Frequently asked questions

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Do I need to leave the FlashPro plugged in?

No, once you have reflashed you vehicle you may remove the FlashPro.


Can I leave the FlashPro plugged in?

Yes, if the ignition is switched off the FlashPro will go into power saving mode.  In this state it will use approx 10mA current, which will discharge the battery faster than normal, but should still give several weeks of battery life for a normal sized battery.


Can I use the FlashPro on more than one vehicle?

Yes, but the FlashPro can only be used on one vehicle at a time.  To transfer the FlashPro to another vehicle, first return the vehicle to stock and unlock the FlashPro.




When should I use a AFM based calibration and when should I used a MAP based calibration?

The AFM calibrations are suitable for a stock vehicle with bolts ons.  The AFM compensates to a large degree for different exhaust systems and minor engine changes, but does not work as well for forced induction or cams which are large enough to send a reversion pulse as far as the AFM. The MAP calibrations require more tuning but are more flexible. As a guide: AFM for a stock vehicle with none, some or any of intake, header & exhaust bolt ons (mild cams work too).  MAP calibration for forced induction & large cams.


What starting calibration should I use?

For a AFM calibration select based on the intake, since this affects the air/fuel the most.  For MAP calibrations select based on the injector size, or specialty calibration (eg supercharged).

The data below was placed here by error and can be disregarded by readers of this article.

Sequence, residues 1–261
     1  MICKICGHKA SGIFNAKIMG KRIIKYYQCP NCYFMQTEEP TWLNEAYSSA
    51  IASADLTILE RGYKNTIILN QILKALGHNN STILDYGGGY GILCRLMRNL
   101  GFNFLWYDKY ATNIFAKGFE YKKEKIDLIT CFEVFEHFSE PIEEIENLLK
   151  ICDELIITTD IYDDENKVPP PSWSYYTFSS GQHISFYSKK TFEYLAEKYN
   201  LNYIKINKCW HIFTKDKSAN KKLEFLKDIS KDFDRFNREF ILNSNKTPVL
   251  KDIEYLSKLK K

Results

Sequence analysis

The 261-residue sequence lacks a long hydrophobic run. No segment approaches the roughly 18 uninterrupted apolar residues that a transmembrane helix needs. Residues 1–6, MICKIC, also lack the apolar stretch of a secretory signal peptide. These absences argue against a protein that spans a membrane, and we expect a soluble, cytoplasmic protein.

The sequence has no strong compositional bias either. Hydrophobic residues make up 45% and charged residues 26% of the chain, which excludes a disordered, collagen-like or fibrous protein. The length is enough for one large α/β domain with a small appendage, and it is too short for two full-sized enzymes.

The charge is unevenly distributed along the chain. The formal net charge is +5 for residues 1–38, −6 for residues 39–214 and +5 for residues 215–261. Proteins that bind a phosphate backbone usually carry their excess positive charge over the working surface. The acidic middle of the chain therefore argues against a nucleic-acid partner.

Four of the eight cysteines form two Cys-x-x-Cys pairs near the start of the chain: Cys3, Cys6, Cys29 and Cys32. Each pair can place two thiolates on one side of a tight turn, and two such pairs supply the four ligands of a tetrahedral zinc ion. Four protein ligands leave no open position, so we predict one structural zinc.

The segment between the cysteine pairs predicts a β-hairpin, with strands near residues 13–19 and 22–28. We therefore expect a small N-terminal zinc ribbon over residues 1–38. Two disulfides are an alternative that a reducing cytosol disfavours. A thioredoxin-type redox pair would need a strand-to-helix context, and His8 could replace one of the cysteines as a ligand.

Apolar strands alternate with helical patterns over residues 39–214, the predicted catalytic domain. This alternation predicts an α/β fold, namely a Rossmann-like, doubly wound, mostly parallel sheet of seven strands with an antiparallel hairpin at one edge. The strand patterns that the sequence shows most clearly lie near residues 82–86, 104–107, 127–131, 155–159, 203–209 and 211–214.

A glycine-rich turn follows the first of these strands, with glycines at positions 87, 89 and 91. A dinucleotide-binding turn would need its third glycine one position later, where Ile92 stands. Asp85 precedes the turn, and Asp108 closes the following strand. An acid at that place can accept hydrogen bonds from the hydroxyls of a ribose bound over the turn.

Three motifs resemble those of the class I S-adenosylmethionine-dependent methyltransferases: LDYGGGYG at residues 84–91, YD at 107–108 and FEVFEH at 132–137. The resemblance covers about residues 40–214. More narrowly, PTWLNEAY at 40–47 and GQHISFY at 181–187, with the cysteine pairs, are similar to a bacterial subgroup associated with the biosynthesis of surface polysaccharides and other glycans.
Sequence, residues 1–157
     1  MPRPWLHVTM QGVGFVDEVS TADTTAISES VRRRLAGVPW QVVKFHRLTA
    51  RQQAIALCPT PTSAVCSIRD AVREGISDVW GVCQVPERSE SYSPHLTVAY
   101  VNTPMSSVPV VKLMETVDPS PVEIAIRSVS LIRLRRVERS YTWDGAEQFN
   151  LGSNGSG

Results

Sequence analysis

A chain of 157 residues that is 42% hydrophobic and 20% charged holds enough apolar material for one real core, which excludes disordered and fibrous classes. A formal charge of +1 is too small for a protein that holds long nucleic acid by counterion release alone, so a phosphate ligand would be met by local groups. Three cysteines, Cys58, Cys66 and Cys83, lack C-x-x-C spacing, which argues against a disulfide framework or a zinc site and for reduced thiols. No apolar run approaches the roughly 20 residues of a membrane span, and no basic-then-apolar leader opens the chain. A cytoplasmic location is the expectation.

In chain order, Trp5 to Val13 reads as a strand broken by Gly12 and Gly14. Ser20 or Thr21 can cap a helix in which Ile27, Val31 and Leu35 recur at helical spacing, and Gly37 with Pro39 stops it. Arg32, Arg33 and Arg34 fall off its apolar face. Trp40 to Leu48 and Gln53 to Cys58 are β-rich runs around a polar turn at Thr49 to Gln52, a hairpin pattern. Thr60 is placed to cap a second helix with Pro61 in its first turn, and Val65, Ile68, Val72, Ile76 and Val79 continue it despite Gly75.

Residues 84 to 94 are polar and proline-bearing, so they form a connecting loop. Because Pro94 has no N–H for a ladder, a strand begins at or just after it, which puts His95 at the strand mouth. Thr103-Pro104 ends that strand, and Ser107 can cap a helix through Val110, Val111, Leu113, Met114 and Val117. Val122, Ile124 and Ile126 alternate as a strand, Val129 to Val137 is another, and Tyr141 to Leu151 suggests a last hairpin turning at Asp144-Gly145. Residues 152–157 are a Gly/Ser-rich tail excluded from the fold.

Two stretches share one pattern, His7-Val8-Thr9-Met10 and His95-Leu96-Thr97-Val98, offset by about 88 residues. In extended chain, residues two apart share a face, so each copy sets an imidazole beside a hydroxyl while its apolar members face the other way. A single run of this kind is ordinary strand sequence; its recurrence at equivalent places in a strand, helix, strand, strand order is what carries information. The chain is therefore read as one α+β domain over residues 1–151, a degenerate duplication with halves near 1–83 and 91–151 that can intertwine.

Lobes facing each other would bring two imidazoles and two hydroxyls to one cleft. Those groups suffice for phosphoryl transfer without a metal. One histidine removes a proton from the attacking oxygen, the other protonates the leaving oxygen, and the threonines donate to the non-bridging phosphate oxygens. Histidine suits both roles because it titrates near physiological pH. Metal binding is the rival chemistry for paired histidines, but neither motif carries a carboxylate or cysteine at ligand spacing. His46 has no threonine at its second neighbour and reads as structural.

How do I tune the fuel for a AFM calibration?  There are no fuel tables.

The AFM measures the air flow.  The ECU injectors enough fuel to give a stoichiometric air/fuel ratio.  It is a mathematical calculation with no tables.  If the air/fuel is incorrect at part throttle, then the cause is usually because an after-market intake causes the AFM to read differently from stock.  You can correct this by editing the 'AFM Flow' table, which gives the air mass flow for the AFM voltage.  This is what we have done for the AFM starting calibrations.

At high load (determined by the ECU either by TPS or MAP), the ECU switches to 'WOT' mode.  Here it still uses the AFM to measure the air mass flow and calculates the fuel for a stoichiometric air/fuel ratio, but applies a compensation table to the fuel - 'WOT lambda adjustment'.  This tables tells the ECU how much additional fuel to add at WOT.  If the AFM is not reading correctly at part throttle, then it will not get the WOT fuel exactly the same as the compensation value in the table, but normally it is close.


I see knock retard - how is the knock sensor used?

Basically the knock sensor over time tells the ECU what octane fuel it has.  The ECU can retard the ignition timing even if it has seen no knock because the highest octane ignition timing limit table will limit the ignition timing (simplified greatly). You should not normally see much knock retard for more than a short period of time.


Does 'Use MAP to determine WOT' only work on MAP based calibrations?

No, the AFM calibrations still use the MAP sensor.  Actually, they use the MAP sensor for everything apart from fuel, where they use the AFM.


How accurate is the stock lambda sensor?

It seems fairly sensitive and responsive, but we have noticed that it seems to read richer as it heats up.  A dyno run can show it gaining 1.0 - 1.5 air/fuel points as the sensor heats up - check with your own wideband if possible.


The idle is not quite right after the reflash.

It takes 3-4 driving cycles from cold for the ECU to 'learn' the idle.